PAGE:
There is no right or wrong way to approach career after children.
by Lianne Kim
My entrepreneurial journey has been a long and winding path starting five years ago. Right before I gave birth to my first child Julia, I had this indescribable urge to start a side business. You see I was gainfully employed by a company which I enjoyed, but at the time I didn’t find the work particularly challenging and I was about to go on a one-year maternity leave. So I got myself a “side hustle”. It was a multilevel marketing Company, and although I love the products, after a while, I just didn’t feel like it was for me. In my heart of hearts I longed to create something that was just mine, and not anybody else’s. And while I learned a lot, I eventually dropped that business after about a year.
Fast forward to another year later, and I was pregnant with my son. In my free time I had been creating nursery art for his room and Julia’s room, and my friends and family commented on how much they liked it and some of them even wanted to buy it. I created a website that featured all of my best designs, and started a business just a few days before my son was born. While I love my kids dearly, it was important to me to have a some sort of focus that was not completely child-related. It was nice to have something to do in those down moments in between feedings and diaper changes, and naptime.
I ran that business for a year before I decided to start a group for local moms who had their own businesses. I was heading back to work and I had some new work-from-home privileges, that sounded great on paper, but also scared me a little. You see, I’m a very social person, and I was extremely worried about the idea of being home alone, day after day after day. So I created a networking group, now known as Mamas & Co. My primary reason for starting the group was simply so I would have one event on the calendar per month, where I knew I would get out of the house, have a glass of wine, and talk to women like me, who also had goals and interests outside of being a mom. At our first meeting we had seven women show up in a snowstorm, and I knew that this was going to be something special.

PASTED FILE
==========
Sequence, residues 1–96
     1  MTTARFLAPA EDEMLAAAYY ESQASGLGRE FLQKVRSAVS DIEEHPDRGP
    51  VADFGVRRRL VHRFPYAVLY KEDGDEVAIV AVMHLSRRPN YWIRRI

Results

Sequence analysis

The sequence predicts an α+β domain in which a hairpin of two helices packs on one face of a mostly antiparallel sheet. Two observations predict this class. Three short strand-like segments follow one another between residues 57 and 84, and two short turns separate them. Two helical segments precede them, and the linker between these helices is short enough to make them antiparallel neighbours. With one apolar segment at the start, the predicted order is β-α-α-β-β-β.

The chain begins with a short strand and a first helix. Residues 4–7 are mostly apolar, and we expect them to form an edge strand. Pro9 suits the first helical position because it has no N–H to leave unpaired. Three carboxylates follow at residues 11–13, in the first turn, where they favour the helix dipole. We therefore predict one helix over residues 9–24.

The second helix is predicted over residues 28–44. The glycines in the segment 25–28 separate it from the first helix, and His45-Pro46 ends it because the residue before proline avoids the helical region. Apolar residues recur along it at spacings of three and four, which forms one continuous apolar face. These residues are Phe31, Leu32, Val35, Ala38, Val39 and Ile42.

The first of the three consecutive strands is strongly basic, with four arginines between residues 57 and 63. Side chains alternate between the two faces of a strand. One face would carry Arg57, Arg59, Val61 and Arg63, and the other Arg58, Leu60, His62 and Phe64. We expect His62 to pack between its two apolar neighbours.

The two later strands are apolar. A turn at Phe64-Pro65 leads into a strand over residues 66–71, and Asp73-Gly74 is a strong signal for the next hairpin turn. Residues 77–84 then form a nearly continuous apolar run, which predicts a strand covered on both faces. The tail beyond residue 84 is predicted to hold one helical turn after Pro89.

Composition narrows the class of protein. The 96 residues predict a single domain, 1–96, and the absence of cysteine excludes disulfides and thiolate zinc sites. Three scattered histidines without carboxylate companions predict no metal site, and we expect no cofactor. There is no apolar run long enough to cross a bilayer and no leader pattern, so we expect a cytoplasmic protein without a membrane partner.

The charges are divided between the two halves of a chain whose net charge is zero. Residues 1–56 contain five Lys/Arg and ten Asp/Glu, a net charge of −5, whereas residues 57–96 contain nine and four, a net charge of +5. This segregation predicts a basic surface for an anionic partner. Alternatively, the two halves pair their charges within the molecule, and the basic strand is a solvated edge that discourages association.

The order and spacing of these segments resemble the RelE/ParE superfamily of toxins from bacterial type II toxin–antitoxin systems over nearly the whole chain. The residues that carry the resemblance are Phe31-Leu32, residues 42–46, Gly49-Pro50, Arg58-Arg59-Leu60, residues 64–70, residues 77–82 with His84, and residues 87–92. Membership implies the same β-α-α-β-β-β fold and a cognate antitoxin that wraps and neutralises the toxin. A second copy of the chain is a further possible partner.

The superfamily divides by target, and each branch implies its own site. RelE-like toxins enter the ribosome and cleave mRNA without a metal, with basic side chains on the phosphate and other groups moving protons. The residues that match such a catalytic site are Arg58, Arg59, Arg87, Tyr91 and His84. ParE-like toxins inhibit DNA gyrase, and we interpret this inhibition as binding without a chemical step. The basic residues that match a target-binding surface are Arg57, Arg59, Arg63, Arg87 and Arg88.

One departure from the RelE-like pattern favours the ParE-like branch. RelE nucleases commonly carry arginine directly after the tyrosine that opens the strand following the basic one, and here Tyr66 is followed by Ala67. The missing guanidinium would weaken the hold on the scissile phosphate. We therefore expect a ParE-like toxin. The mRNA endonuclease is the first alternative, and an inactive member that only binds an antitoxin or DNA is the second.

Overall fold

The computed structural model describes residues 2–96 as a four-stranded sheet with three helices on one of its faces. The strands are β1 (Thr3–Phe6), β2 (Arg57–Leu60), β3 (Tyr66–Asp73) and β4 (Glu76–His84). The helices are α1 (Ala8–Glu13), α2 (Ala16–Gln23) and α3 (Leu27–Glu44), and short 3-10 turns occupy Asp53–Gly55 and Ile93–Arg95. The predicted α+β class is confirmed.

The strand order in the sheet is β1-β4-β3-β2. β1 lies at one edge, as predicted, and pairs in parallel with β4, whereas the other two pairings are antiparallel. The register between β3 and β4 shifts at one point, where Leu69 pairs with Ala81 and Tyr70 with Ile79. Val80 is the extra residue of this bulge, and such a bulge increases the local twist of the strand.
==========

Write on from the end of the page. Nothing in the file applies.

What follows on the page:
That group now has over 200 members across the GTA and counting. I have found a wonderful and passionate business partner, Emma Rohmann who runs the group with me, and I’m very proud of what we’ve accomplished together. Our members speak on topics that they knew about, that other people can benefit from. Back in the early days, in winter 2015, since I had a strong sales background I did a short talk on sales for small business. The talk was a hit and much to my surprise I uncovered a dormant passion of mine, teaching people how to get better at sales. I still had my same sales job, but at this point I was reaching new levels of achievement in my personal sales. And although the job did not fulfil me completely, I enjoyed it and my favourite part of the job was mentoring and training.